What Is A GPU And How Does It Help Run High-Graphic Games?

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A GPU is a processor that is designed to handle mathematical and geometric problems. It is much more efficient than a CPU when it comes to processing data. A GPU is made up of many small cores that work together to solve a problem. A CPU is a processor that is designed to handle many different types of tasks. It has a few large cores that work together to solve a problem. A GPU is better for running high-graphic games because it can handle the data much more efficiently.

We’ve come a long way regarding graphics when it comes to gaming. Today’s video games are of the highest graphical quality in history. They are so realistic that even detail given to a strand of hair or a blade of grass is extremely clear in its lifelike appearance. The question is, how did we go from heavily pixelated games to hyper-realistic lifelike gaming? The answer to that lies in the GPU (Graphical Processing Unit) of your gaming console.

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Working Of A GPU

Nvidia logo

A Graphical Processing Unit is a processor that is typically used for processing mathematical and geometric problems. A GPU takes a specialist workload and performs it much more efficiently. Most GPUs work on the CUDA architecture, designed by the company NVIDIA. The full form of CUDA is Compute Unified Device Architecture.

CPU vs GPU: Core comprison

CUDA is the parallel computing architecture created by NVIDIA. Parallel Computing is the process of carrying out parallel computations at the same time. Significant problems are broken into smaller issues and computed simultaneously. To understand how these problems are solved, we need to know what the core of any processing unit does. Although the definition of “cores” can vary, the meaning of a core when it comes to a processor is a unit that receives a set of instructions and performs calculations based on those instructions. The CUDA core present within the GPU consists of tiny sub-cores that break down a parallel computing problem into smaller units and is solved simultaneously by all the small sub-cores.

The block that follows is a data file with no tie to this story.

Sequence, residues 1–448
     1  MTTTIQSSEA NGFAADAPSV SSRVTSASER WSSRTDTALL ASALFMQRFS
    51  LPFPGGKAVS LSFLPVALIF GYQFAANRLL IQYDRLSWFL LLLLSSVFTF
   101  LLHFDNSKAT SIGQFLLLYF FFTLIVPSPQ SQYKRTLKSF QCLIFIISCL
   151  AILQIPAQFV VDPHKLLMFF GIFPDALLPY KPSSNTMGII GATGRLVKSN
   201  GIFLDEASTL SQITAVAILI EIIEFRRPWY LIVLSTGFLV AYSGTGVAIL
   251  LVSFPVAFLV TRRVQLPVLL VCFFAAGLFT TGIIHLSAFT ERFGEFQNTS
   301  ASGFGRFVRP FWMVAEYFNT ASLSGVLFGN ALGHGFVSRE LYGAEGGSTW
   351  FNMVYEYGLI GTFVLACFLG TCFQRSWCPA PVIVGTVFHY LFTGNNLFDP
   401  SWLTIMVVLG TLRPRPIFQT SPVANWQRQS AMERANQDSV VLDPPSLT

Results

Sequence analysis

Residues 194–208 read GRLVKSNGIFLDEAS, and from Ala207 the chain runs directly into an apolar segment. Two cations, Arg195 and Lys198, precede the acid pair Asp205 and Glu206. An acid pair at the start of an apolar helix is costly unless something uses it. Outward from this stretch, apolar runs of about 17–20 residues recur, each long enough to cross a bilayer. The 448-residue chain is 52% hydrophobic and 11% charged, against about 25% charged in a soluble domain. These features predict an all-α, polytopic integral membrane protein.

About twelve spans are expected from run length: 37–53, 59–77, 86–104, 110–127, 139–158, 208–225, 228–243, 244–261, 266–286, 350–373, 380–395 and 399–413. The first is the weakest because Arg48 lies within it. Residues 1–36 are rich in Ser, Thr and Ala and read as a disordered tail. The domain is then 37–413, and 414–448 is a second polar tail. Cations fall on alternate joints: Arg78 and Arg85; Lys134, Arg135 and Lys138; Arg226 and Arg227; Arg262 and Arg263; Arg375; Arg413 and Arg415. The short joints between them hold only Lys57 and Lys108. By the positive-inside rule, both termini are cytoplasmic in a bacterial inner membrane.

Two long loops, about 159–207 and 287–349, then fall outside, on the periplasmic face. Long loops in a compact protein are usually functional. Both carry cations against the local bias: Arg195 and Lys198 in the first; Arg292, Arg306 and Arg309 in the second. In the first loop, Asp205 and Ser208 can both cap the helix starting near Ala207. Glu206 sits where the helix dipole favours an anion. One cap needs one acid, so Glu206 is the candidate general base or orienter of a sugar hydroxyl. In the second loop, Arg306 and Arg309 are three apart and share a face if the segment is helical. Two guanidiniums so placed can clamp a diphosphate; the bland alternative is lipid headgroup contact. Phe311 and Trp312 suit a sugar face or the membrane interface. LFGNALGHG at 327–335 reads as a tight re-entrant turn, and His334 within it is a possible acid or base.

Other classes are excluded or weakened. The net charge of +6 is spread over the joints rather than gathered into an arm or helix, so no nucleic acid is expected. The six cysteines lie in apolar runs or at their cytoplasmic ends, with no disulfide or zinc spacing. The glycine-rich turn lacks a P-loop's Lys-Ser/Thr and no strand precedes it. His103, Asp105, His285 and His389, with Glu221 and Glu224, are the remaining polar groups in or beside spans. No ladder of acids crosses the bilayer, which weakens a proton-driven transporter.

Also Read: Why Are There So Many Programming Languages?

Difference Between A CPU And GPU

A basic analogy can be made to understand the fundamental difference between the CPU and GPU. A CPU can be considered like a Swiss Army Knife, while a GPU is more of a surgical knife. A CPU is very useful for carrying out multipurpose applications, such as music, movies, computing, spreadsheets and even a bit of gaming that is not too graphically demanding.

Now, if we were to dig into more in-depth detail, they differ mostly in their micro-architecture and instruction execution method.

If we are to understand how the micro-architecture differs, we will also need to know about some of the components present within them. The first one is the ALU, also known as the Arithmetic Logical Unit, responsible for the computation processes. The Control Unit is responsible for the operation of the processor, as it tells the memory and ALU how to execute instructions. The Cache is a type of memory that stores data in a queue for the CPU, which helps to avoid any loss of time that it would take for the CPU to access that data from the main memory. The Dynamic Random Access Memory (DRAM) is a type of RAM that helps the processor access types of memory randomly, rather than making it go from a starting point.